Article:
The recent National Geographic (Jun 2012) has an article about the island of Socotra, located 220 miles off the coast of Yemen. When things settle a bit in Yemen, this is one place I would like to visit.
According to the author of the NG article, Mel White:
Socotra was once a legendary place at the edge of maps of the known world. For sailors it was fearsome, with dangerous shoals, ferocious storms, and residents who were believed to control the winds and turn ships toward shore for capture and plunder. Today Socotra’s rich biological diversity brings new explorers, who hope to learn its secrets before the modern world changes it forever. . .
Research around the turn of the 20th century proved that this tropical island, despite its size of only 83 miles by 27 miles, ranks among the world’s most important centers of biodiversity, combining elements of Africa, Asia, and Europe in ways that still puzzle biologists. The number of endemic plant species per square mile on Socotra and three small outlying islands is the fourth highest of any island group on earth. . . Every vista on Socotra, from the hot, dry lowlands to the mist-shrouded mountains, reveals wonders seen nowhere else. . .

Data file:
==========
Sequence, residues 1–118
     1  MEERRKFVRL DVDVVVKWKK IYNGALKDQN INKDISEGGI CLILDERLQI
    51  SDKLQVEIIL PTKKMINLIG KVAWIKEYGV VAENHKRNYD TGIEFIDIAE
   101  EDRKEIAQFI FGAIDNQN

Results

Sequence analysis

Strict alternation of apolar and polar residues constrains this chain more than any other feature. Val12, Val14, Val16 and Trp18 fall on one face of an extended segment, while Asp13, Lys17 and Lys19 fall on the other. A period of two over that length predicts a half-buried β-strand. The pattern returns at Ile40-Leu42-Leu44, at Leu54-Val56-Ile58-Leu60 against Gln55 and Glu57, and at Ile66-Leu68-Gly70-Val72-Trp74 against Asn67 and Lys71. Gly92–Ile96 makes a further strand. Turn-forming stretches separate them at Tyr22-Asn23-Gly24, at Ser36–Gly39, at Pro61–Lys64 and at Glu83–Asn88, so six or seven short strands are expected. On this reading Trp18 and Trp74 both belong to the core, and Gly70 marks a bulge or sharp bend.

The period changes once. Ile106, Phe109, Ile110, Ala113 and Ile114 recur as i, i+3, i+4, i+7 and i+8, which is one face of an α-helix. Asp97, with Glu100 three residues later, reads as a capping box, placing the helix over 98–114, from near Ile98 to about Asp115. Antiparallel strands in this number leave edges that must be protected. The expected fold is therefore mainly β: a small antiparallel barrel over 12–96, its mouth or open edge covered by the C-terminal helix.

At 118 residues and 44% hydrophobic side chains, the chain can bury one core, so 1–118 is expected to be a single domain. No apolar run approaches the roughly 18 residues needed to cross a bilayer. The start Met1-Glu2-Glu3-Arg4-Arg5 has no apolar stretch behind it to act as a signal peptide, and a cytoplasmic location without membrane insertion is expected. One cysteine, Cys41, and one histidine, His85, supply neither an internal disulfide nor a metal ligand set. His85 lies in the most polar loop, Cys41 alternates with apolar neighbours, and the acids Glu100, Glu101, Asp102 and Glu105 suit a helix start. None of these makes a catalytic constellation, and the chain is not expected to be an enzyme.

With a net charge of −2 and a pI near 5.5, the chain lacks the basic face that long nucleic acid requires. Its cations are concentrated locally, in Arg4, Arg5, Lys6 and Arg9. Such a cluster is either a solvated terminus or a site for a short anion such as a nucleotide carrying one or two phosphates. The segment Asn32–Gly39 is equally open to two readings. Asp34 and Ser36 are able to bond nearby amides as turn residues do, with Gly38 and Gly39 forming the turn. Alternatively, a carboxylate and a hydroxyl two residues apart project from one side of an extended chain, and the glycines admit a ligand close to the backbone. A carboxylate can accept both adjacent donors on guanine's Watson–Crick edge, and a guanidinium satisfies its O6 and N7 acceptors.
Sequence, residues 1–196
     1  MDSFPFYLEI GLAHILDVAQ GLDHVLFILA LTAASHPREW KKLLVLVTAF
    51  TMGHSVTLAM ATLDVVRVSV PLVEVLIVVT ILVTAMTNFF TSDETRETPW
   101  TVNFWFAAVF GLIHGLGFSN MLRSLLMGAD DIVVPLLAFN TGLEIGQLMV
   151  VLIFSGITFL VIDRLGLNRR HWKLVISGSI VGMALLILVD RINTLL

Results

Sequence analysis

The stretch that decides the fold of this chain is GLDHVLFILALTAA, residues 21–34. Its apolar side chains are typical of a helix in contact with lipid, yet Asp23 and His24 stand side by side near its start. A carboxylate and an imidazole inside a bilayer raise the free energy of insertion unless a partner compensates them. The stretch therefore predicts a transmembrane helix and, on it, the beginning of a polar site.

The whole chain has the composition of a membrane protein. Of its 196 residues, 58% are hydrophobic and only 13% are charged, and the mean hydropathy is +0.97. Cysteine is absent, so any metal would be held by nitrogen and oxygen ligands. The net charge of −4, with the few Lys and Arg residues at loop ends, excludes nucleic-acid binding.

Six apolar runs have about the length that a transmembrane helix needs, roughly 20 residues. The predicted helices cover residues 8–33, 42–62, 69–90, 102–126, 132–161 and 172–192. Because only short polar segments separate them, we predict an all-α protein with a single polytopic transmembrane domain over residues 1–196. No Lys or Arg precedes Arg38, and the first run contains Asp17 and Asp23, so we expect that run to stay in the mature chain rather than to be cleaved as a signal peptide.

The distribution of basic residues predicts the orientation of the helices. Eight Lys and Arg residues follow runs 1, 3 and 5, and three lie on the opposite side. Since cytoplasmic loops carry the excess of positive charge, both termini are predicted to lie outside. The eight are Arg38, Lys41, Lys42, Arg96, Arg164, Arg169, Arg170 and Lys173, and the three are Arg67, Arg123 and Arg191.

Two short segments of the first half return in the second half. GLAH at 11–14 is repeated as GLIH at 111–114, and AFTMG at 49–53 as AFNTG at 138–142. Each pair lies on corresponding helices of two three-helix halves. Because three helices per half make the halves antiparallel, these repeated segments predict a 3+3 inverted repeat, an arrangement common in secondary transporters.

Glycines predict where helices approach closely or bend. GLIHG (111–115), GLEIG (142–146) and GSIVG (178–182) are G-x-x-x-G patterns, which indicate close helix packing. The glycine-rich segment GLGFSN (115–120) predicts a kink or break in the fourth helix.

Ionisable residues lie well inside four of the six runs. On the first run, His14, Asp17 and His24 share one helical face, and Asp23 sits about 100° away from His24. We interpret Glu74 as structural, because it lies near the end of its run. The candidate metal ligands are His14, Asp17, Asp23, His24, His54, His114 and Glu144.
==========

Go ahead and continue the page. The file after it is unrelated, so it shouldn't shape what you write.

When stability returns to Yemen and roads, resorts, and eager travelers spread across Socotra, will its residents’ peaceful way of settling disputes hold? Will people still gather in mountain villages to recite their poems in a language all their own, and will centuries-old traditions of conservation endure? If so, perhaps those who climb high into the limestone hills will still hear the song of the Socotra bunting, part of the island’s weird and wonderful array of life.
Even though this article is overwritten, it does make me want to visit the island.